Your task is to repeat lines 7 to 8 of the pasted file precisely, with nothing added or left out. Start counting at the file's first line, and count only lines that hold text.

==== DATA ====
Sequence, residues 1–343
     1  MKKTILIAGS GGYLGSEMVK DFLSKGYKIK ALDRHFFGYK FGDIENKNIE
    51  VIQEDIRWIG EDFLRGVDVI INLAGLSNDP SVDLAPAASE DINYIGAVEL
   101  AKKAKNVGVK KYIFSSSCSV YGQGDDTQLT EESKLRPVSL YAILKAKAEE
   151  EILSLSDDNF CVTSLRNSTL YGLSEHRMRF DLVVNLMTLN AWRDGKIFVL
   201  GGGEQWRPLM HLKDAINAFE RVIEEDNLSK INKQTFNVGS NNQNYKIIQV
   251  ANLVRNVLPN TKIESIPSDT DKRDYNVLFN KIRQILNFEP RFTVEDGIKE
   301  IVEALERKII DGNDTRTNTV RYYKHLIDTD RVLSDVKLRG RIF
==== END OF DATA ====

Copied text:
   251  ANLVRNVLPN TKIESIPSDT DKRDYNVLFN KIRQILNFEP RFTVEDGIKE
   301  IVEALERKII DGNDTRTNTV RYYKHLIDTD RVLSDVKLRG RIF